Existing methods for identifying viral integration sites are based on the subtraction approach, which removes mapped human reads and focuses on unmapped reads in the aligned bam files. For example, the VirusSeq software [23] was one of the first methods to identify potential viral integration events in RNA-Seq data based on subtraction analysis. VirusSeq was later outperformed by ViralFusionSeq [24], VirusFinder [25], and VirusFinder2 [26]. Among the above methods, VirusFinder2 is considered to have the best performance, achieved by applying the VERSE algorithm to customize the viral and host genomes in order to improve mapping rates [26]. Despite the resource-intensive reassembly and remapping of the reads, the sensitivity of VirusFinder2 is less than ideal, possibly due to the stringent hard thresholds chosen in the VERSE algorithm. Recently, the BATVI software [27] applied a k-mer aligner to achieve fast and accurate detection of viral integrations. However, we observed the drawback that most of the above algorithms use ad hoc read depths as cutoffs to select the candidate events. Hence, we designed a novel computational workflow, HGT-ID, to identify the integration of viruses into the human genome using sequencing data; the HGT-ID workflow utilizes a scoring function to select and prioritize the HGT candidates to achieve high sensitivity and specificity together with high efficiency. We compared our algorithm with VirusFinder2 and BATVI with a simulation dataset. The algorithm was also applied to multiple cancer datasets [10, 2830] and was proved to have high sensitivity and specificity in detecting the HGT candidates compared to the existing software. For the convenience of downstream analysis, our HGT-ID software provides an integrated HTML report that includes prioritization of the candidate HGT events, visualization of the events and primers designed for future experimental validation.

Implementation

HGT-ID follows a four-step procedure that includes the preprocessing of a previously aligned BAM file to the human genome, the detection of viral species with unmapped reads, identification of the viral integration sites as HGT candidates, and finally the priority score assignment by a scoring function (Fig. 1).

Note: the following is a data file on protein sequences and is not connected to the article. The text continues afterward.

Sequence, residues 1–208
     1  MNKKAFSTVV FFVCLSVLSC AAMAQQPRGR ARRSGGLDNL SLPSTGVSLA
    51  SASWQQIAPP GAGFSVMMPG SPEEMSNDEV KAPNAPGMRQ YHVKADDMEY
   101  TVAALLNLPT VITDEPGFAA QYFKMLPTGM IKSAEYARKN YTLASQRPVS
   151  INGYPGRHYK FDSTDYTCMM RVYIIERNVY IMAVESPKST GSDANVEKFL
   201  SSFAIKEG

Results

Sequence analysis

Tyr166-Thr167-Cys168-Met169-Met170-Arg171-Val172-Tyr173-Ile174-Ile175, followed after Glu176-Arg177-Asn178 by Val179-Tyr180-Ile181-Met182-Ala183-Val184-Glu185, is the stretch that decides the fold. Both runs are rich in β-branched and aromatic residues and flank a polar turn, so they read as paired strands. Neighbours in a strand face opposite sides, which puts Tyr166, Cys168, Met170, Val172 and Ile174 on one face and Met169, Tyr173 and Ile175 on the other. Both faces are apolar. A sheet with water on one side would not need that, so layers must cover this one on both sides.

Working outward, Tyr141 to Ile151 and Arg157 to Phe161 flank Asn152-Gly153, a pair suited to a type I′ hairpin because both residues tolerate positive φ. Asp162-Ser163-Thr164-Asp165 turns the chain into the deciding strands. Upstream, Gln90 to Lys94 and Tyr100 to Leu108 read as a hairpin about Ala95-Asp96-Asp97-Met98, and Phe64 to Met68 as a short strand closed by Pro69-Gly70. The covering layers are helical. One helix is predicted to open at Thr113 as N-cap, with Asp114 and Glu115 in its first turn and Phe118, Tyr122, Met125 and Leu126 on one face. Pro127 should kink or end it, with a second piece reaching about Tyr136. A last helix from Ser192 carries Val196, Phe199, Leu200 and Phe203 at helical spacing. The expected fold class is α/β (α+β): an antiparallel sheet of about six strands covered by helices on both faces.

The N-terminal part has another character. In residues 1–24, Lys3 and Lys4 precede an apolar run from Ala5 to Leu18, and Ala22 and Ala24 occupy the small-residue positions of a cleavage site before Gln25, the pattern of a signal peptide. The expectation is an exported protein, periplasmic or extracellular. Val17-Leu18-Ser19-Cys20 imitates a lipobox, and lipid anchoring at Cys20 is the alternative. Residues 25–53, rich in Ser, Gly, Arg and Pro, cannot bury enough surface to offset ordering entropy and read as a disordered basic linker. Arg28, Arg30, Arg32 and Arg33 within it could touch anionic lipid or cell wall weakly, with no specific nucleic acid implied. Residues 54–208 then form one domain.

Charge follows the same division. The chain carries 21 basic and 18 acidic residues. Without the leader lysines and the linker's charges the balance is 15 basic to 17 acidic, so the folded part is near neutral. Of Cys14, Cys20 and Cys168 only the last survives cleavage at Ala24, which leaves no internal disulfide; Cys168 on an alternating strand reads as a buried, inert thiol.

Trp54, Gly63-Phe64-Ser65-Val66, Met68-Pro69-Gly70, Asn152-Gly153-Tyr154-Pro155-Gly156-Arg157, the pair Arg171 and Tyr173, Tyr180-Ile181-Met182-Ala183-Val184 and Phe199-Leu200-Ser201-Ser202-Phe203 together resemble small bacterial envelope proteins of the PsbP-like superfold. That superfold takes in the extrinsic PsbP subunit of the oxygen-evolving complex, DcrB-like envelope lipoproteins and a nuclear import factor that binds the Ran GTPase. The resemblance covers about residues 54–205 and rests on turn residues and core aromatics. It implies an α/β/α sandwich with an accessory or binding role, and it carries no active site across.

Fig. 1
Fig. 1

Overview of the HGT-ID workflow

Preprocessing

As input, HGT-ID requires paired-end next-generation sequencing (NGS) data in the standard BAM file format generated by any aligner using the human genome reference. Unmapped reads from the BAM file are extracted and then remapped to the human reference genome (hg19) using BWA-mem [31] to remove any additional human reads. Both mapped human and unmapped paired-end reads are filtered from further analysis. Only partially mapped read pairs, with one of the reads mapped to the human genome are collected as potential integrated viral reads for future HGT detection.

Viral reads alignment

For the viral detection, we use the RefSeq Viral genome database [32] as the reference, which covers 6009 known species (ftp://ftp.ncbi.nih.gov/refseq/release/viral, as of March 2015) and is a reasonable collection of representative consensus sequences for different strains. Potential viral reads from the preprocessing step above are then aligned to the RefSeq viral reference genome using the BWA-mem software. After the viral alignment, read pairs with both ends mapped to viral species only are filtered. As direct evidence of viral integration, reads with one end mapped to the viral genome and other end assigned to the human genome are retained for further analysis. In order to remove low complexity sequence that is common in viral sequences and might affect the alignment, we calculate the sequence linguistic complexity (LC) score [33] of each read mapped to the viral genome. The recommended default threshold is 0.8, which is the upper range of LC scores of the low complexity and simple sequence of length 50-150 bp in the RepeatMasker [34]. Reads with LC scores < 0.8 are removed to improve both accuracy and efficiency. Low quality reads with mapping quality scores (MAPQ) below 20 are also removed, which ensures the mapping correctness with a p-value less than 0.01 for each kept read. The remaining discordant read pairs are considered as confident supporting reads for the viral integration step. Although we have set the default to recommended values, all the parameters listed in this section are customizable through the configuration files by the user.

Viral integration site detection

The viral integration sites are identified in a two-step process. First, for the discordant read pairs, HGT-ID clusters the human reads by their genomic location. The clusters then expand to both upstream and downstream directions recursively (default 500 bp, which is slightly larger than the size of the library fragments) until no more human reads from discordant read pairs can be recruited. For each cluster, a putative breakpoint is then estimated by taking the average of the start points of all reads in the cluster. The same procedure is also applied to the virus side to obtain a putative viral genomic breakpoint (Fig. 2a).
Fig. 2
Fig. 2

Diagram of HGT event and break point identification. a The searching starts with clustered discordant read pairs. Reads that fall within a search window of twice of the library size around the cluster are extracted. b If soft-clipped reads are available, an exact integration site can be inferred. c If only discordant read pairs are available, only an approximate integration site can be inferred